An investigation is under way after the mysterious deaths of 30 swans in Cardiff.
Officials say the animals died within a three-week period and the cause is unknown.
The Welsh capital has a population of around 200 of the birds, which are often seen in Roath Park and Cardiff Bay.
Cardiff Council has confirmed these two locations, both popular with families, were predominantly affected.
Although bird flu has not been diagnosed, as a precautionary measure, people finding dead swans are advised not to touch them.
The Animal Health and Veterinary Laboratories Agency (AHVLA) said the Welsh Government was looking into the matter.
A statement by the AHVLA said: "Reports of increased levels of mortality amongst wild swans in the Cardiff area are being investigated.
"Notifiable disease, including avian influenza, has not been diagnosed, but the underlying cause of these deaths is unknown at present. Investigative work is continuing."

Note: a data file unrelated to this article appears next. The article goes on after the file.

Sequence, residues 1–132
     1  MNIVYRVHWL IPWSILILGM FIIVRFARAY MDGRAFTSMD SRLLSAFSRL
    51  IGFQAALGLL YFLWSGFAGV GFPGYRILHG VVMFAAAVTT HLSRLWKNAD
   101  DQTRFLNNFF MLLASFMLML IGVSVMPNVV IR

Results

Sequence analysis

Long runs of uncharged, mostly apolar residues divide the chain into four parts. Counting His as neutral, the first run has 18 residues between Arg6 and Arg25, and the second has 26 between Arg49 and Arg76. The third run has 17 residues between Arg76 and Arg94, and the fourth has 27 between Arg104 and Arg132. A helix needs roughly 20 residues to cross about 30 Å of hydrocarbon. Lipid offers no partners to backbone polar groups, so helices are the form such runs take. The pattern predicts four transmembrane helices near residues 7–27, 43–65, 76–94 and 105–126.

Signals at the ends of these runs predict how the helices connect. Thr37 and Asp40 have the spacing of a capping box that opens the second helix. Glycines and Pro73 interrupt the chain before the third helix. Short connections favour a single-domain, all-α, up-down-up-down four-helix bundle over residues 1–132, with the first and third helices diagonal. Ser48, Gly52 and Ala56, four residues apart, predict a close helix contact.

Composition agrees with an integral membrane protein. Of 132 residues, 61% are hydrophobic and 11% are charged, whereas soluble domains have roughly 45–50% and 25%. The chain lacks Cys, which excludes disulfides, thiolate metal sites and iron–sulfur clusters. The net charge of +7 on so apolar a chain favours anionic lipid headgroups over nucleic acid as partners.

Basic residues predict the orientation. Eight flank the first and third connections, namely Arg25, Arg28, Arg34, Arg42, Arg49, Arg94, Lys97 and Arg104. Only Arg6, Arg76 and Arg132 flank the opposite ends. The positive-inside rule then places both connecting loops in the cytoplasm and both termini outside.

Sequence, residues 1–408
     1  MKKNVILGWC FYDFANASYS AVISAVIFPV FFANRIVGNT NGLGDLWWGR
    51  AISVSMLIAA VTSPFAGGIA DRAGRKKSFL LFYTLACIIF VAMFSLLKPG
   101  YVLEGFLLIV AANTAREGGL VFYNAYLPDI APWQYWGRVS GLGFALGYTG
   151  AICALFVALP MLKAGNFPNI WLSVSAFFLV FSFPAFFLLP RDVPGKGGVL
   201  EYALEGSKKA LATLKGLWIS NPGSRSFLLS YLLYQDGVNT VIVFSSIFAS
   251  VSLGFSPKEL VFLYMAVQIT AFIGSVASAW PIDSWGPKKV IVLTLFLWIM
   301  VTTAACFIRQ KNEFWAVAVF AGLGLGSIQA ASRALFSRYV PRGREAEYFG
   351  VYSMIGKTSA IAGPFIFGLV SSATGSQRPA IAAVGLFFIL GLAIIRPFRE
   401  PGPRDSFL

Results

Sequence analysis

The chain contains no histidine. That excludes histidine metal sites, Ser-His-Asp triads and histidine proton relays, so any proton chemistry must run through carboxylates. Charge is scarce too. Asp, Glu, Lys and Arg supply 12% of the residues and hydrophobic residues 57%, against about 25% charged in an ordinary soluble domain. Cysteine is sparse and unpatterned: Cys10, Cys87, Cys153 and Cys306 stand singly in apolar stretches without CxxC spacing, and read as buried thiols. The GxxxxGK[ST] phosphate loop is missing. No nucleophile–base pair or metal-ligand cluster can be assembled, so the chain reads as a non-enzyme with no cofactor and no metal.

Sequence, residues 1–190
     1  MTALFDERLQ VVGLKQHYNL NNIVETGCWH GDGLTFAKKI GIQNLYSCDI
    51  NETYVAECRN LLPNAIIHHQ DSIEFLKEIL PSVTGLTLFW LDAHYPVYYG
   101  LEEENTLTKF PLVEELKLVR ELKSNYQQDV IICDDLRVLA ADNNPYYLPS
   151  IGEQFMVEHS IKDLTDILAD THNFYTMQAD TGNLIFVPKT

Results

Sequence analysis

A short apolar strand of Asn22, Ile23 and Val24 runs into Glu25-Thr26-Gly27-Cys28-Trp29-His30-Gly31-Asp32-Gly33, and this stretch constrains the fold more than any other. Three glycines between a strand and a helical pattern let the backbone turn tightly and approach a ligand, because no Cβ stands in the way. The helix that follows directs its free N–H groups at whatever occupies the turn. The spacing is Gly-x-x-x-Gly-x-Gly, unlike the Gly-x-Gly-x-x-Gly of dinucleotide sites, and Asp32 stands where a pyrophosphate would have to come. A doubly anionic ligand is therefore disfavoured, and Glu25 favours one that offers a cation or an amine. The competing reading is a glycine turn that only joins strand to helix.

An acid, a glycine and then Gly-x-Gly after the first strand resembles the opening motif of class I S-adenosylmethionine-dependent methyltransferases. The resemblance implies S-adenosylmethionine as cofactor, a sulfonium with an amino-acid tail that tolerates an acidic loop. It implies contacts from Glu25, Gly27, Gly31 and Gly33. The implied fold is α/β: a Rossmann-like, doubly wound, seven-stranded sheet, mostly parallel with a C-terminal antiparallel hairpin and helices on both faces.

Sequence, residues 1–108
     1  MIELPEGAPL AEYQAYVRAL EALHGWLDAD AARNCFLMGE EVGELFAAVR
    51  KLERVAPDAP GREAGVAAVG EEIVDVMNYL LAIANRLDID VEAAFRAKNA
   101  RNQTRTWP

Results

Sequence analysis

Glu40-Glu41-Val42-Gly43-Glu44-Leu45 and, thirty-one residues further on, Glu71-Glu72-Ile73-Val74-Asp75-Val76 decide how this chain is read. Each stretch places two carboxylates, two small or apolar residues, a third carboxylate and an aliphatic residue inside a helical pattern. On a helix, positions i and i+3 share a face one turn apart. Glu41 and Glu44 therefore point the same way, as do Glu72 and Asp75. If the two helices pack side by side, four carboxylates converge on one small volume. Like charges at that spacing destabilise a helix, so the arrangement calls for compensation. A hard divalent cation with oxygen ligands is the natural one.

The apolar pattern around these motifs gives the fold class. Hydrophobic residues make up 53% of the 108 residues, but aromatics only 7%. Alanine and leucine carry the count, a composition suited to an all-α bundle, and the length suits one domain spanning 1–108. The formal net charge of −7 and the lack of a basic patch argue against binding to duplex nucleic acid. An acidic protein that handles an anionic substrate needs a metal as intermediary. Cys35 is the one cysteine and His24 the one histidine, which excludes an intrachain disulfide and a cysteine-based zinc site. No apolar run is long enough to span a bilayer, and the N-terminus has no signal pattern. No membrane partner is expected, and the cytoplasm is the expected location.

Councillor Ashley Govier, Cardiff Council's cabinet member for environment, said: "I am deeply concerned about this situation, and am personally monitoring the work done by council officers and our partners to resolve this as quickly as possible.
"I understand how distressing it will be for members of the public to come across dead birds in this number, and I have asked our parks and river officers to pay careful attention to ensure any further instances are dealt with quickly.
"I will be speaking to our partners to ensure our city has an effective response."
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